Lord Green ‘Modern Men’ Review
The flare, charisma and coolness of this man shines through on his much anticipated debut album
When I first met Aindriü Green Green in 2017, I met a guy who knew exactly what he wanted and how he was going to get it. A music career was in the works back then and now- six years later- yet another well deserved landmark has arrived.
Lord Green, as he goes by for his music, has released his debut album entitled ‘Modern Men’. The themes and morals run deep in the album, and it has a story etched with all the science fiction of a HG Wells novel. We follow Timothy through his adventures in SciFi City, and the album kicks off with this character having a dream and wanting more. Think Pinocchio in Space, a theme self proclaimed by Green, and you’ll arrive at ‘Modern Men’.
Kicking off this journey through the future is ‘The Boy Who Believed’. We are plunged into a world of war and sirens, with Green’s role as the protagonist longing for something better. The smooth sound and chilled beats sets us off on the journey to the train station and beyond.
The tale of the train is told in ‘Night Train’ during which our main man wonders how he “can make love to the night and also how to fix what is broken inside of him.” The sadness of faltering relationships is tangible in the tune, and Green captures the poignancy of this so well.
Green’s story with Timothy is a rich tapestry, and ‘Juniper Vanilla’ and the track puts you into the disco-diner where the protagonist ends up. Who doesn’t love a dance? Especially one in a sci-fi world in which we can learn so much.
From the club to the beach, and ‘Peach Summer’ has all the vibes of you lying on a sunlounger, sipping a pina colada and feeling the warm coastal breeze on your face. Green has the ability to make you yearn to be somewhere tropical. Our protagonist Timothy has a memorable experience on his beach day.
Fitted slap bang in the middle of the album is a whimsical interlude which takes the listener into the slow lane. Green takes the role of a wealthy butler, takes centre stage in ‘The Lion of Malbury Manor’. He compares being a man to firstly, Jesus Christ’s walk through Jerusalem and then to a hot summer’s day involving strawberries. Both are powerful, vivid images created by Green.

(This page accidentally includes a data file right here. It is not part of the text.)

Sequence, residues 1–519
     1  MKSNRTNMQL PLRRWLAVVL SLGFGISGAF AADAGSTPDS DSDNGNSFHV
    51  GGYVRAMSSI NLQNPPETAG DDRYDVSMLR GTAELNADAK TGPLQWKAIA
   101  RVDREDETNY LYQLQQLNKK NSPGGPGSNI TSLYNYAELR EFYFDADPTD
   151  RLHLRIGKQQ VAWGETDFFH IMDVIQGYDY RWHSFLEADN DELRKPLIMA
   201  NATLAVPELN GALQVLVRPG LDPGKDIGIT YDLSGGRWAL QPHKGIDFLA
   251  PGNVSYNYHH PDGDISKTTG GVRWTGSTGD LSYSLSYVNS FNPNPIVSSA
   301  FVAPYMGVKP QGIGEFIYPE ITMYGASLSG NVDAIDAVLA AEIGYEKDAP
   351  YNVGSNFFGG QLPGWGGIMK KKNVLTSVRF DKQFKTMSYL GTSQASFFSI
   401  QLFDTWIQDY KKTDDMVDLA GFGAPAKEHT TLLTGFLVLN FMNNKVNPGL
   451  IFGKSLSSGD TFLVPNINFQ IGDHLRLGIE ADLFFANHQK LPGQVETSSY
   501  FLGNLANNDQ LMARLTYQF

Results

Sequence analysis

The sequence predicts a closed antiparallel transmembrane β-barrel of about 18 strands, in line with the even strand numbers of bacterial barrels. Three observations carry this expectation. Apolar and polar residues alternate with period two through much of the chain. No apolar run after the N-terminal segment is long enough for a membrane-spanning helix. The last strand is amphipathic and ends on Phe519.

The night club/ bar scene vibe is reintroduced to this album through ‘Aliena’, a vibey beat ties together this feeling. A blend of French, Dutch and English gives a continental end to the song, but in reality it feels like there’s so much more under the surface.
‘Starclub Massaro’ feels like a bit of a second coming for Timothy and Green. From the mystical vibes of the earlier tracks, we are given a bit more of a deeper dive into Timothy’s story- which in this track sees him living it up in a nightclub, meeting a new friend along the way. The journey through SciFiCity is well underway during this stage of the album- but it wasn’t over yet.
Traversing the plains of this scifi quest takes us through into ‘Blue Fairy’, which has about as much twinkle as you may expect from a song with this name. Timothy has somewhat of a renaissance here when talking to the fairy — and is given the fight to go and take on whatever is in front of him.
Green’s debut album soiree’s to a conclusion with ‘Dusty Road’, which see’s Timothy not regretting anything about his long journey- despite ending up in a desert wasteland of an area. He reflects on childhood, and how there was whisky at his christening. He asks himself ‘what was the christian vicar thinking?’ A very good question, it must be said.
Lord Green has continued to expand his footprint on the music scene and following on from single’s, EP’s and music videos he has dropped his debut album. The 14 songs are an adventure through which Green takes you, and there are plenty of highs and lows in the narrative along the way.
Listen in to ‘Modern Man’ in full on Spotify from August 4. The new content from Lord Green doesn’t stop there- however. A music video for ‘Dusty Roads’ is set for release on August 9. This won’t be the last you’ll hear from Lord Green- and this is a fact you should be pretty happy about.
1. The Boy Who Believed
2. Night Train
3. Vogue Honey
4. Juniper Vanilla
5. Peach Summer
6. The Lion of Malbury Manor (Interlude)
7. The Garden
9. Starclub Massaro
11. Blue Fairy
12. Gilá la Saint
13. Mirror Box
14. Dusty Roads